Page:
Serialized fiction

If you follow any of the blog posts about publishing today, you know that times are a-changin’.  With the introduction of POD (print-on-demand) printing technology and eBooks (electronic versions of books in whatever format – .mobi, .pdf, kindle, etc.), the traditional printing paradigm in shifting…to the past.

Serialized Fiction was something those crazy Victorian’s got into, and I wouldn’t doubt it is even older than that.  I mean, really, can you imagining listening to the entire Iliad in one go?

I think not.

When I first conceived of writing seven (friggin’) stories based on the seven deadly sins, I thought the tales would be short and punchy.  Not quite as concise as a short story (usually less than 20,000 words), but not as long as a novel (usually more than 75,000 words).  I envisioned novella length stories that I could write quickly while learning the craft of writing.

Anyway, while researching the idea, I soon found out that traditional publishers didn’t want anything to do with novellas, so I re-conceived the idea into novel length stories.

And now, self-published Serialized Fiction is all the rage.

Damn it!  I’m always behind the curve.

Well, it really shouldn’t surprise anyone that serialized fiction is gaining popularity, because what are all those genre series about anyway?  All those book trilogies are like Americans after decades at the Chinese buffet trough – fat.

With eBooks becoming as ubiquitous as real books and with our collective attention span becoming the inverse of our waistline, shorter serialized tales have gained popularity.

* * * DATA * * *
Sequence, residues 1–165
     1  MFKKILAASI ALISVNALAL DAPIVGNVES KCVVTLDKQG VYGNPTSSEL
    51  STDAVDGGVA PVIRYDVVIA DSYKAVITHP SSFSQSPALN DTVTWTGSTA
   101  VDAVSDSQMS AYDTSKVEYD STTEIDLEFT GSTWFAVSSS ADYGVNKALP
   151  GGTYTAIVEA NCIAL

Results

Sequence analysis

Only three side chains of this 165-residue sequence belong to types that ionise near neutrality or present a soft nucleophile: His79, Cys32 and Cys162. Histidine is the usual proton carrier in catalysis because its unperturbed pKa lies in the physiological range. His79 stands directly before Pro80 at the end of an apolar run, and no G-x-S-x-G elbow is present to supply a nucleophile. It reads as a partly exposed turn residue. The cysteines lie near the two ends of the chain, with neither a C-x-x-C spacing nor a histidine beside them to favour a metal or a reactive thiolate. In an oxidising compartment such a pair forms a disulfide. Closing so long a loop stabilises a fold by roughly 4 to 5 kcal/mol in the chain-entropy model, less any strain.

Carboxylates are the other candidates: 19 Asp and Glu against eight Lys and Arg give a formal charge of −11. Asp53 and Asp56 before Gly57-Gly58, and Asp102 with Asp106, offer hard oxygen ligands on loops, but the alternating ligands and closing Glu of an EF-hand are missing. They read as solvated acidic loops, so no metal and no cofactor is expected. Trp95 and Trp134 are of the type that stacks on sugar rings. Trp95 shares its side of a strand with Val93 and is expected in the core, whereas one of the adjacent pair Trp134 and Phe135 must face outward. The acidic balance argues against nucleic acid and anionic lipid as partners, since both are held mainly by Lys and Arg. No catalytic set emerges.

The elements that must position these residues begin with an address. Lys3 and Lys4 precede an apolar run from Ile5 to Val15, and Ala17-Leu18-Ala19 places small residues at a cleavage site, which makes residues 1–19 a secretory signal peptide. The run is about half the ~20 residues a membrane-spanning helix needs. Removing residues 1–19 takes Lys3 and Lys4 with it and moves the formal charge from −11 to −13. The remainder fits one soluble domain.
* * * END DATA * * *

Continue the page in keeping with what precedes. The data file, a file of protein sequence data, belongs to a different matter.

Yet another decision to make, folks.  Once one is ready to publish, should one break that novel up into manageable bite sizes?

To chunk or not to chunk, that is the question.

I don’t know the answer, but as writers, we should be aware of all the different ways readers might consume our stories.

Until later, remember to chew.


4 thoughts on “Serialized fiction

  1. Ooh, this is a good question, and one I’m dealing with. Conspiracy is 215,000 words: way too long for a first novel. The typical method is to break the big ‘un into a trilogy (I’m thinking of Trudi Canavan’s Black Magician Trilogy), but frequently there’s just not enough story to create a trilogy and you end up with three shorter, weaker books rather than one good big story. I’m not sure I have enough for three, and you don’t see many two-book sets.

    I’ll probably end up chunking. *sigh*

    1. 215k? Yeah, that is long, but I wouldn’t abandon the idea of two books. Yeah, you don’t see too many of those, but that doesn’t mean you can’t or shouldn’t go that route.

      Plus I’m not sure how one goes about dividing a longer work up. Do you leave your readers with a cliff hanger or story question each time? How much time in between installments? How do you control access to the material?

      So many questions…

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